Crises almost always lay bare one’s lack of preparedness. COVID-19 is no exception. These last few weeks have given us all a real-time course in who was ready to respond to the unexpected and who was not.
Crises are times for leaders to shine. And the leaders that shine the most are the ones who are the best communicators. Likewise, communications is often the single greatest point of tragic failure in crises for organizations and their leaders.
You’ve undoubtedly heard workplace horror stories these last few weeks. People working from home without any guidance on the tech they’re supposed to use let alone how they’re supposed to get their jobs done under these strange circumstances. Managers failing to lay out expectations. IT departments struggling to figure out how to keep people connected. HR professionals pulling their hair out trying to find answers to questions of benefits, time sheets, furloughs, layoffs and government aid programs.
When circumstances are changing as quickly as they did in the first few weeks of the crisis, it’s tough to get everything right. The good news is that most people don’t expect you to get everything right. They do expect you to do your best to keep them informed.
Err on the side of over-communicating especially when people’s jobs and lives are at stake. The worst thing a company can do is to keep silent and let their employees and customers start speculating about what’s going to happen. And speculate they will! Rumours start to fly when people are starved of information about important topics that affect them deeply. People get angry and resentful too. The longer you wait to communicate, the harder it is for your message to be heard. Much better to say something, even if you are working to find the answers.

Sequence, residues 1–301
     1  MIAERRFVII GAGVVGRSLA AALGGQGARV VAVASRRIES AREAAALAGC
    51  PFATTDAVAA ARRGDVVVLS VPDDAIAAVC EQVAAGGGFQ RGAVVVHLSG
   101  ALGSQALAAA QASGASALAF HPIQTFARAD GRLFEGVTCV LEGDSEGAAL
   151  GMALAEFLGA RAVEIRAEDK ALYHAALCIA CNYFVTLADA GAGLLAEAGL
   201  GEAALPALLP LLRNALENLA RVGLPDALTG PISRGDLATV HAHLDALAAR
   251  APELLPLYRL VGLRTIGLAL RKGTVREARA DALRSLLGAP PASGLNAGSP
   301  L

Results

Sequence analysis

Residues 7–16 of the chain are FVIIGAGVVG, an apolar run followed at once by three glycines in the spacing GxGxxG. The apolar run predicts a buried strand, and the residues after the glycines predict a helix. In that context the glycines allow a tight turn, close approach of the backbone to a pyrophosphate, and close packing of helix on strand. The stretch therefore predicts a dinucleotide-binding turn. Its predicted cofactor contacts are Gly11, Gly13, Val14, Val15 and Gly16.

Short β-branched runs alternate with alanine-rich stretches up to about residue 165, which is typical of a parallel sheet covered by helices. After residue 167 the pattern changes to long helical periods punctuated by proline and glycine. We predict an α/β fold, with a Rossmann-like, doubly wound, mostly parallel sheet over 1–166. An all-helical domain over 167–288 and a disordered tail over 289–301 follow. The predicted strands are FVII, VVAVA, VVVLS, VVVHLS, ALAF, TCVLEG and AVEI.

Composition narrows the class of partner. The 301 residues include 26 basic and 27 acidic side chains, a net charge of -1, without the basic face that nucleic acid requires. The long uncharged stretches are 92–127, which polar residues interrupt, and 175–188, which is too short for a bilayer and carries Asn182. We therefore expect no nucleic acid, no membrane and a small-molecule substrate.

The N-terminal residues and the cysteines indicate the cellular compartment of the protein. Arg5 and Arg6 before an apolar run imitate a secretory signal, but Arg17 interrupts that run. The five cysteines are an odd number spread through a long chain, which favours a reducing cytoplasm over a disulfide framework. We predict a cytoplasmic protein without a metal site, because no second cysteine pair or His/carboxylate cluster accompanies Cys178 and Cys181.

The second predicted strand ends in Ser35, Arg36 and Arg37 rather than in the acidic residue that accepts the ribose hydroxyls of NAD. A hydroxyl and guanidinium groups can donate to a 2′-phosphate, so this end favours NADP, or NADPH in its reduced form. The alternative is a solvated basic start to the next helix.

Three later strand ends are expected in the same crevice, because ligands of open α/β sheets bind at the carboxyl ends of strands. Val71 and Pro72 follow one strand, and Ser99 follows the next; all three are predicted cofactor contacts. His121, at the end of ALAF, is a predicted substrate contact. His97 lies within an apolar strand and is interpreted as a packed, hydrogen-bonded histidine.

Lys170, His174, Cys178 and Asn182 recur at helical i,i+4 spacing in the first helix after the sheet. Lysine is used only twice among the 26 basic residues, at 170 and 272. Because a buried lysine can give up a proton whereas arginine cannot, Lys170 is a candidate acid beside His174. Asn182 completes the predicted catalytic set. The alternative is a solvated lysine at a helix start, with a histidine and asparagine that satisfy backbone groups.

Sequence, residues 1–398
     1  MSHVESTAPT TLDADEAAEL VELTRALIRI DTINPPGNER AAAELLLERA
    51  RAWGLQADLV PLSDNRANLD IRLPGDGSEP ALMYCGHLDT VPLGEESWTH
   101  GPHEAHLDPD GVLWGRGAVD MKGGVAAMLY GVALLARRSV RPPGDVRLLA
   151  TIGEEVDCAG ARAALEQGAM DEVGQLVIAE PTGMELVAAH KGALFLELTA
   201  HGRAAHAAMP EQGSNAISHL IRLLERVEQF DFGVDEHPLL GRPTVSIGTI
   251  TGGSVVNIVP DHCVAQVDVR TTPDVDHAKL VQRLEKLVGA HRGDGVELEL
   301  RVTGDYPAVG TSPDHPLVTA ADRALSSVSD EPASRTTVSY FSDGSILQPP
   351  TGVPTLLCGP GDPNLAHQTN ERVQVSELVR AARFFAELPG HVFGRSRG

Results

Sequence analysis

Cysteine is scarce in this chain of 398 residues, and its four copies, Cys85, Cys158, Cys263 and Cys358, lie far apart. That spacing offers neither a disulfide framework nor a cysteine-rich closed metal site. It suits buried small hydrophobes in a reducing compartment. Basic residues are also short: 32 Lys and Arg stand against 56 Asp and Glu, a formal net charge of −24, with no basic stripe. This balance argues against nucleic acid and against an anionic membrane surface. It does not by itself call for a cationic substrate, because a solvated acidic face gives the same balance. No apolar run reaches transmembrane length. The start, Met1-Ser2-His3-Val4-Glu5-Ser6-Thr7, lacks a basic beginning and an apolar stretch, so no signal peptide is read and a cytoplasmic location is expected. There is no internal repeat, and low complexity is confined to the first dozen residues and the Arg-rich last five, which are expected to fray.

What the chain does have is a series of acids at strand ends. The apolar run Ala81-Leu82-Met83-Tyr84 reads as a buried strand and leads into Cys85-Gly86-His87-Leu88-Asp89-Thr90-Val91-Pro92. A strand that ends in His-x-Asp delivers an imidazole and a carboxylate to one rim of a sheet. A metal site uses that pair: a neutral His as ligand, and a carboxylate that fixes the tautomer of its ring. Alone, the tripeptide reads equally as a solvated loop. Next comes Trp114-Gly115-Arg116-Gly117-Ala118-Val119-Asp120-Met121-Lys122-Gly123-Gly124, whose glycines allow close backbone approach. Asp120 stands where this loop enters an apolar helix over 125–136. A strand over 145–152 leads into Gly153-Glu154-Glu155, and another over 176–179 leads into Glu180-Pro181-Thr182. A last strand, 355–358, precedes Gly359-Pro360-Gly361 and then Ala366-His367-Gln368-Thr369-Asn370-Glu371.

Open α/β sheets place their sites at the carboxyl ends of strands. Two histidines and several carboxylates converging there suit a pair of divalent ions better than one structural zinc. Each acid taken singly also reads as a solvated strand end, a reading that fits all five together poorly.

Don’t lie and don’t speculate. If you don’t have the answer, don’t make something up. In the interim, a good option is to explain to your stakeholders how you’re making your decisions. What information are you waiting for? What factors are important as you weigh your next steps?
Being transparent about your situation is much more likely to win you friends and admirers than clamming up and hiding. According to old but still relevant research from Stanford, publicly traded companies that fessed up to mistakes tended to perform better afterwards.
Be calm and reassure
Encourage useful action
Now that we have all had a few weeks to get used to social distancing and working from home, most workplaces seem to be adapting to their new reality. The problems that caused so much stress just a month ago are fading away. Managers are learning how to manage decentralized teams. Businesses are learning how to serve their customers, often in ways they never dreamt of.
As businesses and other organizations prepare to return to work in this new normal, the same principles apply for effective communications..